To LEED or not to LEED?

By RaeAnn Slaybaugh

Experts offer advice for deciding how far down the Leadership in Energy and Environmental Design (LEED) certification path to go.

When pastors hear the term “green construction,” they might equate it with LEED (Leadership in Energy and Environmental Design) certification.

The LEED Green Building Rating System is a voluntary, consensus-based national standard for developing high-performance, sustainable buildings. It’s a point-based system that’s becoming the national standard for sustainable design and quality control. LEED certification is available in three levels: silver, gold and platinum.

While other green building certifications exist, LEED — issued by U.S. Green Building Council (USGBC) — is the leader. According to Kimberly Lewis, senior vice president of alliances, conferences events for USGBC, 53 U.S. churches are LEED-certified; another 200 are registered.

Lewis says pastors at LEED-certified churches aren’t focusing on environmental stewardship alone. “They’re also keeping in mind congregational health and, perhaps most important, cross-generational engagement,” she explains. “LEED certification demonstrates a commitment to truly living out the principles of green — something younger generations strongly identify with.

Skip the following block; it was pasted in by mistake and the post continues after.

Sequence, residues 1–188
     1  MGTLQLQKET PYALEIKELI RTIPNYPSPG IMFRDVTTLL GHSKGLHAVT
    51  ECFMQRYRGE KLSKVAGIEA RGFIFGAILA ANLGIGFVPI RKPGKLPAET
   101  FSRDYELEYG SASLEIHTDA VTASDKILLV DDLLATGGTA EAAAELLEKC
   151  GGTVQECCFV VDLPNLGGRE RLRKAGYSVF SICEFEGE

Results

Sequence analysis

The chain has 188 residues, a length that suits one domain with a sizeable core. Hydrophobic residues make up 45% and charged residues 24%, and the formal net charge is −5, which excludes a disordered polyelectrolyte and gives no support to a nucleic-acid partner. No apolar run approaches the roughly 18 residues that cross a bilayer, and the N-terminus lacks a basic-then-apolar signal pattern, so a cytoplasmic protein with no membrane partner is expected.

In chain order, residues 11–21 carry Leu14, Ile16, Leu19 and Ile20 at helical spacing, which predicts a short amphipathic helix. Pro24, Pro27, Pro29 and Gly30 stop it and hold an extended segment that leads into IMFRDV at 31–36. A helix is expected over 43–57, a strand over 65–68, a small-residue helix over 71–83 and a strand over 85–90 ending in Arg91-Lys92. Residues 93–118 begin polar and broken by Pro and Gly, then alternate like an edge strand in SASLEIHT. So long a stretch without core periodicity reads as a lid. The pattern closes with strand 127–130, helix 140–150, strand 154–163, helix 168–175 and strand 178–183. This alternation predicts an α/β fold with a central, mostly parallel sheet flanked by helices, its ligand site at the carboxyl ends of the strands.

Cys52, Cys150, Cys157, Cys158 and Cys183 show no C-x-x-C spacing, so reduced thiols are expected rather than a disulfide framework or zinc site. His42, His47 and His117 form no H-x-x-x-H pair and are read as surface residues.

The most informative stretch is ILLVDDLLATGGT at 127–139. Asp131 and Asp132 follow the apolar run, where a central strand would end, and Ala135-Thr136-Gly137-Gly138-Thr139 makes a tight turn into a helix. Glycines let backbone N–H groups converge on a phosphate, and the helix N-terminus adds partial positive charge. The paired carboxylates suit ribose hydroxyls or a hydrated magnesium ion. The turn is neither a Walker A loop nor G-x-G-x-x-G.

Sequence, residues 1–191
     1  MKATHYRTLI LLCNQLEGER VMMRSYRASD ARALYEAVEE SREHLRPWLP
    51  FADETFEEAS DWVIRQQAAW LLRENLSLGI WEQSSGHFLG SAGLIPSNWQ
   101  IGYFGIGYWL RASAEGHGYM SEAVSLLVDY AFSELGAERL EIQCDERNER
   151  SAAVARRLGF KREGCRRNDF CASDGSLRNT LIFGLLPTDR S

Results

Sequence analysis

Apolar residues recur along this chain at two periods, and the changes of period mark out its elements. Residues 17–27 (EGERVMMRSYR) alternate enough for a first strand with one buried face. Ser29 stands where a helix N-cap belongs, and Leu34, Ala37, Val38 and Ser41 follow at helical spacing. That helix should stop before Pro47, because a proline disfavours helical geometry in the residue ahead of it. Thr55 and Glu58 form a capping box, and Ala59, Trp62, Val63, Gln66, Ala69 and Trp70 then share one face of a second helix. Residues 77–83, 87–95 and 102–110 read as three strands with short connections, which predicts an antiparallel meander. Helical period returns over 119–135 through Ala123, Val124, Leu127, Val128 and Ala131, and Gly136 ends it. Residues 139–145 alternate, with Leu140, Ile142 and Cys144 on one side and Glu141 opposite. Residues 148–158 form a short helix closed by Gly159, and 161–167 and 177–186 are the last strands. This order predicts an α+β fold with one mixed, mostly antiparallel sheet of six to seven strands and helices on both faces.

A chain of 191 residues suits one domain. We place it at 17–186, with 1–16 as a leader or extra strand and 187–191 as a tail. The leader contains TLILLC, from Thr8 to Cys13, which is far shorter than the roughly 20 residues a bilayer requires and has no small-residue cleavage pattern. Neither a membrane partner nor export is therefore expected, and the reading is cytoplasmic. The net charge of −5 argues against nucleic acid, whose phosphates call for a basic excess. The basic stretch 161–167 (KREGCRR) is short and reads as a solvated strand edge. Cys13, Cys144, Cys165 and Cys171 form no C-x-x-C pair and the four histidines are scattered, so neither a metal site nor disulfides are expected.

Immanuel Bible Church Interior Image of Atrium Windows“Many times, these churches are also committed to the cost/value of stewardship,” Lewis continues. “Different levels of certification allow churches to look at the rating system and zero in on the areas they’re most passionate about — water reuse or air quality, for example — and align their LEED-level targets with those goals.”

To keep project costs commensurate with traditional construction, Lewis urges early implementation. “The perceived ‘higher-cost’ issues associated with LEED are, at this point, really a result of not planning it early enough in the design process.”